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Relation with Afghanistan
The British Indian Government fought two wars with Afghanistan before its relations with the Government of Afghanistan were stabilized.
During the 19th century, the problem of Indo-Afghan relations got inextricably mixed up with the Anglo-Russian rivalry. Britain was expanding colonial power in West, South, and East Asia, Russia was an expanding power in Central Asia and desired to extend its territorial control in West and East Asia.
The two imperialisms openly clashed all over Asia. In fact, in 1855, Britain in alliance with France and Turkey, fought a war with Russia, known as the Crimean War.
Throughout the 19th century, the British rulers of India feared that Russia would launch an attack on India through Afghanistan and the North Western frontier of India. They, therefore, wanted to keep Russia at a safe distance from the Indian frontier.
Afghanistan was placed in a crucial position geographically from the British point of view. It could serve as an advanced post outside India’s frontiers for checking Russia's potential military threat as well as for promoting British commercial interests in Central Asia.
The British policy towards Afghanistan entered an active phase in 1835 when the Whigs came to power in Britain and Lord Palmerston became the Foreign Secretary.
Afghan politics had been unstable since the early years of the 19th century. Dost Muhammad Khan(the ruler of Afghanistan) had brought about partial stability, but was constantly threatened by internal and external enemies such as −
In the North, Dost Muhammad faced internal revolts and the potential Russian danger;
In the South, one of his brothers challenged his power at Kandahar;
In the East, Maharaja Ranjit Singh had occupied Peshawar and beyond him lay the English; and
In the West, enemies were at Herat and the Persian threat
Dost Muhammad Khan was therefore in dire need of powerful friends. And, since he had a high regard for English strength, he desired some sort of an alliance with the Government of India.
The Russians tried to convince Dost Mohammad Khan, but he refused to comply. While discouraging the Russian envoy, he adopted a friendly attitude towards the British envoy, Captain Burns. But he failed to get adequate terms from the British who would not offer anything more than a verbal sympathy.
The British wanted to weaken and end Russian influence in Afghanistan, but they did not want a strong Afghanistan. They wanted to keep her a weak and divided country which they could easily control.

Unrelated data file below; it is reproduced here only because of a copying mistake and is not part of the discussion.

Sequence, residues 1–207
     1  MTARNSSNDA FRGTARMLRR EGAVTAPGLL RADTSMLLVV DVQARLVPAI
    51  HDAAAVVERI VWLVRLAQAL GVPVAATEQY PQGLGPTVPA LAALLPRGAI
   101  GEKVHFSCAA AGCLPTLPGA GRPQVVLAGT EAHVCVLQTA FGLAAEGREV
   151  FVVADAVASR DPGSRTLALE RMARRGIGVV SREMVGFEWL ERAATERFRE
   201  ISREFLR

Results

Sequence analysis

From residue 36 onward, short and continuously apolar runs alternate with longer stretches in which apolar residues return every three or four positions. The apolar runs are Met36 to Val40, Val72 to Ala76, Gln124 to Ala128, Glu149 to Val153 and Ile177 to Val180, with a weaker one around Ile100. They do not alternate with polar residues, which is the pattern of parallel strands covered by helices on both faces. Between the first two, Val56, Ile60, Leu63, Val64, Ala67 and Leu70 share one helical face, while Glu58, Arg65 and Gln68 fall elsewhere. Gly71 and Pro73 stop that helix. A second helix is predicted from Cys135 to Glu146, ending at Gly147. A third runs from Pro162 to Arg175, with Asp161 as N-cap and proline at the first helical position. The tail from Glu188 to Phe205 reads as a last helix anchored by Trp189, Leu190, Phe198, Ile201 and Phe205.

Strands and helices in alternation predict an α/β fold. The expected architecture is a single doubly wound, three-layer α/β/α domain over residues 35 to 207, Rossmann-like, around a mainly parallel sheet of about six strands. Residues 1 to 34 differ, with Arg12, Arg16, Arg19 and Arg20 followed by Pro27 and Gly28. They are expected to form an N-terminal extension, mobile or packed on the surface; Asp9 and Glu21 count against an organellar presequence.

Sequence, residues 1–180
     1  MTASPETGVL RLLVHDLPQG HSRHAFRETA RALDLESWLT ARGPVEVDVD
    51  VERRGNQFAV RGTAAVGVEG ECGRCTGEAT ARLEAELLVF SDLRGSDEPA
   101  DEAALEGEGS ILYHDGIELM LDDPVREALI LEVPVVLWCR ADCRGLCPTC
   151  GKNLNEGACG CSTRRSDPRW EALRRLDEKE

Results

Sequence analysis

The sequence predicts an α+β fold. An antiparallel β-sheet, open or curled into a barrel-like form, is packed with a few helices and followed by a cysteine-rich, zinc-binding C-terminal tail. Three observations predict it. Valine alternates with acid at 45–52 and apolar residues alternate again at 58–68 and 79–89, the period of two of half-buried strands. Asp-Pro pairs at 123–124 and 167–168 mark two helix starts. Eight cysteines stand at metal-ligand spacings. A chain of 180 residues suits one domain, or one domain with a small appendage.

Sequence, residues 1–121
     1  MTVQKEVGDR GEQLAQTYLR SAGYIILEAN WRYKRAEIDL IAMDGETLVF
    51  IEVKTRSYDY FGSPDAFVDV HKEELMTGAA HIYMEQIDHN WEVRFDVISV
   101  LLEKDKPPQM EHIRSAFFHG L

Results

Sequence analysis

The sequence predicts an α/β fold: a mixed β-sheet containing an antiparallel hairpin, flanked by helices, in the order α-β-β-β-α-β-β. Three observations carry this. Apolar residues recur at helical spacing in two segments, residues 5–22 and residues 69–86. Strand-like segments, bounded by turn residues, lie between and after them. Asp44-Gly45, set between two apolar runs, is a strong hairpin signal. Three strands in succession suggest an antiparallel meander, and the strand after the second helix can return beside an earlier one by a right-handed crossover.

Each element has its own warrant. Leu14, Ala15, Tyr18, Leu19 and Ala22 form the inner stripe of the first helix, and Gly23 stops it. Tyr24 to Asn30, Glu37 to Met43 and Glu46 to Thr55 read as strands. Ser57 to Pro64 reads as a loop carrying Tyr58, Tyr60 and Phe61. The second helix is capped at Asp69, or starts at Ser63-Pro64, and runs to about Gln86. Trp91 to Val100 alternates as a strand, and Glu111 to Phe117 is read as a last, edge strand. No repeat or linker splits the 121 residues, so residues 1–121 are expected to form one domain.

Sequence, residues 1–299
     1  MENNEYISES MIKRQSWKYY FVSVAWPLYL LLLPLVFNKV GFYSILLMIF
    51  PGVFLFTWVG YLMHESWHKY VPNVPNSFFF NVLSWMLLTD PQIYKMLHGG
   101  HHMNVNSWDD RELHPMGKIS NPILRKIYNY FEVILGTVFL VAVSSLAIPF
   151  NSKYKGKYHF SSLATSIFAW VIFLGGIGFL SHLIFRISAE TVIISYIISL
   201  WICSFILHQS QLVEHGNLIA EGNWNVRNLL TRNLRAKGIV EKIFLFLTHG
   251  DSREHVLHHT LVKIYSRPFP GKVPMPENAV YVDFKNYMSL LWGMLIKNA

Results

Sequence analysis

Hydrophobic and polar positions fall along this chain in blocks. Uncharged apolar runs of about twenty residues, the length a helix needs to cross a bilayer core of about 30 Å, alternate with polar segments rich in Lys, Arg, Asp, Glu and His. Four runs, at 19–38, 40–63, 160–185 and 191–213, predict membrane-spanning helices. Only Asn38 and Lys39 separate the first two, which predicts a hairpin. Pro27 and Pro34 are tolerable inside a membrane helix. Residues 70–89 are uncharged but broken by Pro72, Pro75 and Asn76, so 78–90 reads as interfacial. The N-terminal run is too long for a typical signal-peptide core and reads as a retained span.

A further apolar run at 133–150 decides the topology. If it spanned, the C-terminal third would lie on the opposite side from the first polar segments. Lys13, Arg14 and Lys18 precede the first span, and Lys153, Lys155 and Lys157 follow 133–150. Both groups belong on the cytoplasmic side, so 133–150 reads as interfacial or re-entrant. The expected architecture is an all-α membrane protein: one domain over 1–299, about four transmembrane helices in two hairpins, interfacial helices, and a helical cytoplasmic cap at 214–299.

Lord Auckland, the Indian Governor-General, offered Dost Muhammed an alliance based on the subsidiary system.
Dost Muhammed wanted to be an ally of the British Indian Government on the basis of complete equality and not as one of its puppets or subsidiary allies.
Having tried his best to acquire British friendship, but failed, Dost Muhammad reluctantly turned towards Russia.
The First Afghan War
Auckland now decided to replace Dost Mohammed with a friendly i.e. subordinate ruler. His gaze fell on Shah Shuja, who had been deposed from the Afghan throne in 1809 and since then living at Ludhiana as a British pensioner.
On 26 June 1838, the Indian Government, Maharaja Ranjit Singh, and Shah Shuja signed a treaty at Lahore (three allies) by which the first two promised to help Shah Shuja capture power in Afghanistan and, in return, Shah Shuja promised not to enter into negotiations with any foreign state without the consent of the British and the Punjab Governments.
The three allies launched an attack on Afghanistan in February 1839. But Ranjit Singh cleverly hung back and never went beyond Peshawar. The British forces had not only to take the lead but to do all weary fighting.
Most of the Afghan tribes had already been won over with bribes. Kabul fell to the English on 7 August 1839, and Shah Shuja was immediately placed on the throne.
Shah Shuja was detested and despised by the people of Afghanistan, especially as he had come back with the help of foreign bayonets.
The Afghani people resented British interference in their administration. Gradually, the patriotic, freedom-loving Afghans began to rise up in anger and Dost Muhammed and his supporters began to harass the British army.
Dost Muhammed was captured in November 1840 and sent to India as a prisoner. But popular anger went on increasing and more and more Afghan tribes rose in revolt.
Then suddenly, on 2 November 1841, art uprising broke out at Kabul and the sturdy Afghans fell upon the British forces.
On 11 December 1841, the British were compelled to sign a treaty with the Afghan chiefs by which they agreed to evacuate Afghanistan and to restore Dost Mohammed.
As the British forces withdrew, the Afghan were attacked all along the way. Out of 16,000 men, only one reached the frontier alive, while a few others survived as prisoners.
The entire Afghan adventure ended as total failure. It had proved as one of the greatest disasters suffered by the British arms in India.
The British Indian Government now organized a new expedition. Kabul was reoccupied on 16 September 1842.
But it had learnt its lesson well, having avenged its recent defeat and humiliation, it arrived at a settlement with Dost Mohammed by which the British evacuated Kabul and recognized him as the independent ruler of Afghanistan.